WASHINGTON -- President Barack Obama pushed for protections for lesbian, gay, bisexual and transgender individuals Tuesday evening, making it the first time lesbian, bisexual and transgender people have ever been recognized directly in a State of the Union address.
"As Americans, we respect human dignity, even when we're threatened, which is why I've prohibited torture, and worked to make sure our use of new technology like drones is properly constrained," said Obama, adding, "That’s why we defend free speech, and advocate for political prisoners, and condemn the persecution of women, or religious minorities, or people who are lesbian, gay, bisexual, or transgender. We do these things not only because they're right, but because they make us safer."
Obama has also mentioned transgender individuals in previous public speeches, and is the first president to have done so.
Obama declared marriage to be a "civil right" Tuesday night as well, just days after the Supreme Court announced it would take up the issue of marriage equality. This spring, it could finally rule whether it's unconstitutional to bar same-sex couples from getting married.
"I’ve seen something like gay marriage go from a wedge issue used to drive us apart to a story of freedom across our country, a civil right now legal in states that seven in 10 Americans call home," said Obama.
Obama, who came out in support of same-sex marriage in May 2012, also tied gay rights to the civil rights fight in his second inaugural address. He said it was "our generation's task" to carry on what was begun at Seneca Falls, Selma and Stonewall -- centers of the fight for women's rights, African-American rights and LGBT rights, respectively.
"Our journey is not complete until our gay brothers and sisters are treated like anyone else under the law –- for if we are truly created equal, then surely the love we commit to one another must be equal as well," he said.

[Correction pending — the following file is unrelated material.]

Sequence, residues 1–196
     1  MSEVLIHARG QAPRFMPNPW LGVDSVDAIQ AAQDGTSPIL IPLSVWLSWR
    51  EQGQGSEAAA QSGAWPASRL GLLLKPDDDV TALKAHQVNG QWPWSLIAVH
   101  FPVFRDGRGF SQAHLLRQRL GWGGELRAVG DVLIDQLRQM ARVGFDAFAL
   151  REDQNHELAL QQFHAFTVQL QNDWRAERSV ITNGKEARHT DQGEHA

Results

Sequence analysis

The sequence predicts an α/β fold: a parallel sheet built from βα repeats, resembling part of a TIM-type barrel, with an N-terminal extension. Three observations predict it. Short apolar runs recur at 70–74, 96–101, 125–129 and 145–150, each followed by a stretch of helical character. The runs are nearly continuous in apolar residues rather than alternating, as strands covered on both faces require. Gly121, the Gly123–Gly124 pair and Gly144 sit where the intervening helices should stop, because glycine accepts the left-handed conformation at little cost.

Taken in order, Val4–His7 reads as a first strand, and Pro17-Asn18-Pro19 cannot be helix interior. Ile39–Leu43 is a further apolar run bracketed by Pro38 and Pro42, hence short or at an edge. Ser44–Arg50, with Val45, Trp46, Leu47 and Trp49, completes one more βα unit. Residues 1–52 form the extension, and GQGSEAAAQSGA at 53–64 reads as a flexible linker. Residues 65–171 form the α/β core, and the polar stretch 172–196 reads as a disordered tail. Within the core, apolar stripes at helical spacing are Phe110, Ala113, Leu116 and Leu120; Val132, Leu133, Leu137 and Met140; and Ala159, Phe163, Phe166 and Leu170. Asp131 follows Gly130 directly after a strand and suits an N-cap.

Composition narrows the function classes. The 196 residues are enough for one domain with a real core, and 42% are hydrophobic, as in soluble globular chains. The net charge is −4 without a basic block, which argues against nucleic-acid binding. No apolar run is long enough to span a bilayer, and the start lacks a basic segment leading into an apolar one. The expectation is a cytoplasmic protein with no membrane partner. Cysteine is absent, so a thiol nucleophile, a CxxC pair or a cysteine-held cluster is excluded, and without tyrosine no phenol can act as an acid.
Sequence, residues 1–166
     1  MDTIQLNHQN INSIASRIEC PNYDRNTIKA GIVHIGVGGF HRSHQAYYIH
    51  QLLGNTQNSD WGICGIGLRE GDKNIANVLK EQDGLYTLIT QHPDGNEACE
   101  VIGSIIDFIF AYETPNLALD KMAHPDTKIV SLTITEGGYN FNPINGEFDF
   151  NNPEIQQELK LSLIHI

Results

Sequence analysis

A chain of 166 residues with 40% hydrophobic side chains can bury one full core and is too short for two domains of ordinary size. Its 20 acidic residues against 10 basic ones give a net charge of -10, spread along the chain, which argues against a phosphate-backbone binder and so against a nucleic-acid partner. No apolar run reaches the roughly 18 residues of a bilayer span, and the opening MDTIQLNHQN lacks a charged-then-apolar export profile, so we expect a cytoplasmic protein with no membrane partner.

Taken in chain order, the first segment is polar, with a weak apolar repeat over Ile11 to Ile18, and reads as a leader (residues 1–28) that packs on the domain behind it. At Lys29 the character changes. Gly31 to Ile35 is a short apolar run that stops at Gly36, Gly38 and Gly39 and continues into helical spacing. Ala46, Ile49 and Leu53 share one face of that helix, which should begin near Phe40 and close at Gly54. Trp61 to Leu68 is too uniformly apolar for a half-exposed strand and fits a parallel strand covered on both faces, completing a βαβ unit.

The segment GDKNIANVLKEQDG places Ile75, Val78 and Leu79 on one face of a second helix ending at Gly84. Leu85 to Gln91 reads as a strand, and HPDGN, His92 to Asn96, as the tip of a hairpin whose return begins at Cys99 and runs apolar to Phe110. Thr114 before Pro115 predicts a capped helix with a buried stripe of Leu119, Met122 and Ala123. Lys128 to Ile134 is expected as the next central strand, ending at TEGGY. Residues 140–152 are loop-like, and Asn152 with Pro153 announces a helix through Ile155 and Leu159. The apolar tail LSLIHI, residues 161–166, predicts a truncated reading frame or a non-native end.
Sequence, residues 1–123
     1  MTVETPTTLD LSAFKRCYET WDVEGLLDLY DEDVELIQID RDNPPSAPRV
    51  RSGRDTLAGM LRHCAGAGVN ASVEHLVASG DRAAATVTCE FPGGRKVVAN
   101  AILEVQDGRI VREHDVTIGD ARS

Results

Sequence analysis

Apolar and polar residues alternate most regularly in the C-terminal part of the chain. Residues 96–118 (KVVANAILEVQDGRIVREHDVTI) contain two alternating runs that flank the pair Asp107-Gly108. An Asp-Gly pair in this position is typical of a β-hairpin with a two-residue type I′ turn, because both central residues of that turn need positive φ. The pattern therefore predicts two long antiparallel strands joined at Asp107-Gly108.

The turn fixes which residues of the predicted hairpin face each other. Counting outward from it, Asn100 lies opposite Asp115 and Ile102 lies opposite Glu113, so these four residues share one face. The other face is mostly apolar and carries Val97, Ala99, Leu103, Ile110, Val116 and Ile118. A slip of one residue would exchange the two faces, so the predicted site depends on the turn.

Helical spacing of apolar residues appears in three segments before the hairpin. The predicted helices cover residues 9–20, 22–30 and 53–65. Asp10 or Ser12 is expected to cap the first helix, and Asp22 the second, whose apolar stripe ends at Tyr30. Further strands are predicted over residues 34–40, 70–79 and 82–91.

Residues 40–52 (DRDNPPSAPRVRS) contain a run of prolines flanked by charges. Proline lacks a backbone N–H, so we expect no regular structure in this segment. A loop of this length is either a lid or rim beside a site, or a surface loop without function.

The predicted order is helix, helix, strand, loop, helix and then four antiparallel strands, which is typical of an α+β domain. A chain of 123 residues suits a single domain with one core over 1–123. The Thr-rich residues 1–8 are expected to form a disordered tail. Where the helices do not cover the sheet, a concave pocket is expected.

It was the first time that a president had ever mentioned gay rights in an inaugural address, although some advocates were disappointed that he didn't include transgender rights as well.
Masen Davis, executive director of the Transgender Law Center in California, was thrilled with the inclusion in Tuesday's speech.
"I listened to the State of the Union with bated breath. President Obama's public recognition of transgender people in his State of the Union address was historic," he told The Huffington Post. "It is time for the American public to become aware of our stories and struggles both at home and around the globe."
"It is very heartening that President Obama has chosen to speak up for transgender people in a State of the Union Speech about American values," National Center for Transgender Equality Executive Director Mara Keisling added in a statement. "While other years, he has focused on a laundry lists of policies, mention there would have been important. In those years when we were not mentioned in the State of the Union, the President was still leading the way in advancing policies that have improved and saved transgender lives."
Last year, Obama took a number of steps to ban discrimination against the LGBT community, in particular transgender Americans. In July, he signed an executive order making it illegal to fire or harass employees of federal contractors based on their sexual orientation or gender identity. The order also explicitly banned discrimination against transgender employees of the federal government.
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